The Covid-19 pandemic is proving to be long and multifaceted: it has affected us globally and has put us to the test on a personal and family level. For the vast majority of people, the pandemic is posing a threat in many areas of life, such as health, economy, lifestyle (personal, family and social), etc. And it is resulting in increased stress and worry, with significant health implications.
We are facing a full-blown crisis, which globally threatens the immediate future of our society, and which we must confront with all available resources. It should come as no surprise that the most useful and effective resources in circumstances such as these are not precisely material ones. In the context of a crisis, the concept of "crisis management" is often used. resiliencedefined by experts as the ability to adapt positively to a context of adversity, emerging stronger from it.
But how can we develop this attitude in order to come out of this crisis better than we entered it? Recent studies have shown that religiosity plays a very positive role in the development and maintenance of resilient behaviors, which also favors people's quality of life. We know that spirituality is a human need, but perhaps we are not aware that in adverse situations it becomes a resource that favors emotional well-being and helps us to draw strength from direct contact with suffering. Religious beliefs provide support and stability, as well as an ultimate meaning that brings coherence and security to people's lives. The Institute of Higher Studies of the Family of UIC Barcelona has verified, in a research carried out at the beginning of the COVID-19 pandemic, that also in this context of health crisis in Spain this positive relationship between religiosity and resilience of people is produced. The study also shows that some antecedents that favor this positive reaction to the crisis are good family relationships.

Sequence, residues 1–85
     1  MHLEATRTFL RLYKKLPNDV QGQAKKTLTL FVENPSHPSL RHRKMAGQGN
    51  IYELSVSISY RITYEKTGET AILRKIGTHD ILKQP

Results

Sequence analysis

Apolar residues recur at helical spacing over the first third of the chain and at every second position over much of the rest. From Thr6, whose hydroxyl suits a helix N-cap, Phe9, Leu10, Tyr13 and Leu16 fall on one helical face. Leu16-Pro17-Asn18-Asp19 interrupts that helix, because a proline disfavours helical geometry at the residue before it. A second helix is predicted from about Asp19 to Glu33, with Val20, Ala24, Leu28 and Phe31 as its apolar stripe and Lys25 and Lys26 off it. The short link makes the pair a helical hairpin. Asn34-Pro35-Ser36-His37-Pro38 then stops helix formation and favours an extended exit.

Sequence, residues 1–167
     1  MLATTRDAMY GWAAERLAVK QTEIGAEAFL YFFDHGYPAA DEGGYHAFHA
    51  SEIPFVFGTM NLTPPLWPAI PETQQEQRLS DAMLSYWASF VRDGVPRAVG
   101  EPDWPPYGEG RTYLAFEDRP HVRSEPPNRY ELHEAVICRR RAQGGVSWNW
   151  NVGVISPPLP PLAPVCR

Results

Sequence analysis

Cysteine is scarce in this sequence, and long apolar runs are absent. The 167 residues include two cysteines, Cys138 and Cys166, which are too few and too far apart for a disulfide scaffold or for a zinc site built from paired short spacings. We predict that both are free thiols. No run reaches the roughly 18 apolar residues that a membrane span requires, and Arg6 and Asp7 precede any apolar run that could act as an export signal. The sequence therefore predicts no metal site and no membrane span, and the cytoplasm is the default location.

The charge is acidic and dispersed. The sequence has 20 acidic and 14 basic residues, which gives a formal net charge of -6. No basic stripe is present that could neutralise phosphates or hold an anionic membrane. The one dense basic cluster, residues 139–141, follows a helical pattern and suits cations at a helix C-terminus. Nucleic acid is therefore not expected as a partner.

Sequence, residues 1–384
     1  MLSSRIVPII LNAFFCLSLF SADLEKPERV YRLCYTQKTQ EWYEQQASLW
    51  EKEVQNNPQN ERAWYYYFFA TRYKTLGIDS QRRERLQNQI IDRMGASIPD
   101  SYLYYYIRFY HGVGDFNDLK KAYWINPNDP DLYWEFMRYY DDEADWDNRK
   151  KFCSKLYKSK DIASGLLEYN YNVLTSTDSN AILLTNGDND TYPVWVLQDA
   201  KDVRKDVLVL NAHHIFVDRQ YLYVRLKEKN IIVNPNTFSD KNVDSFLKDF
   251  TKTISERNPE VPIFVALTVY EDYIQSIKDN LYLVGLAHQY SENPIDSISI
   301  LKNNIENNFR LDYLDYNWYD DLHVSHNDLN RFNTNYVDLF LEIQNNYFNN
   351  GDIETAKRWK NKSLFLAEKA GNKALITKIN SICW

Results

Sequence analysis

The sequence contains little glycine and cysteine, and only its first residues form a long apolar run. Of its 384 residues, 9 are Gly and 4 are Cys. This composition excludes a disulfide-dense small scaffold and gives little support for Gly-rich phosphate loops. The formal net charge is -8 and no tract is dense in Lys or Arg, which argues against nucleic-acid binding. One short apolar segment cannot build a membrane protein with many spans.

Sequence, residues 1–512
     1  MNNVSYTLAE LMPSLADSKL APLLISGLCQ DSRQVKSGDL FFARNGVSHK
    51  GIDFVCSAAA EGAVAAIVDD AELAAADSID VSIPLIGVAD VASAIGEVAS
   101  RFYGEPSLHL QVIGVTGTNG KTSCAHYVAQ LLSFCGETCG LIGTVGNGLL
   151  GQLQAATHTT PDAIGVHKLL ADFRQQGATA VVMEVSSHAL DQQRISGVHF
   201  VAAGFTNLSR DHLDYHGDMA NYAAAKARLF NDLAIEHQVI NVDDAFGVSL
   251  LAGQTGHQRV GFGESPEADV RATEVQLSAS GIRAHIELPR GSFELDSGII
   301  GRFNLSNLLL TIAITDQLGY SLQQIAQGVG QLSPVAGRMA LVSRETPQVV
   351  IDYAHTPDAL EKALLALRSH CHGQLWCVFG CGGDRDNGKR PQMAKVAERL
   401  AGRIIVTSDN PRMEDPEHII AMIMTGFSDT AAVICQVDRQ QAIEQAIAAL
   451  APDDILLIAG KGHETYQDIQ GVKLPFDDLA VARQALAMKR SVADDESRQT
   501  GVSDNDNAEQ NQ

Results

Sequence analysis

In the face of the postmodern cultural panorama, characterized by a high level of technological development and by a growing existential emptiness and individualism that leads to isolation, it is once again confirmed that spirituality is the greatest rebelliousness of the human being, as St. Josemaría Escrivá affirmed. It helps us to overcome the limitations, failures and crises inherent in our existence and restores to us the authentic meaning of personal and family life.
Professor at the Faculty of Law of the International University of Catalonia and director of the Institute for Advanced Family Studies. She directs the Chair on Intergenerational Solidarity in the Family (IsFamily Santander Chair) and the Childcare and Family Policies Chair of the Joaquim Molins Figueras Foundation. She is also Vice-Dean of the Faculty of Law at UIC Barcelona.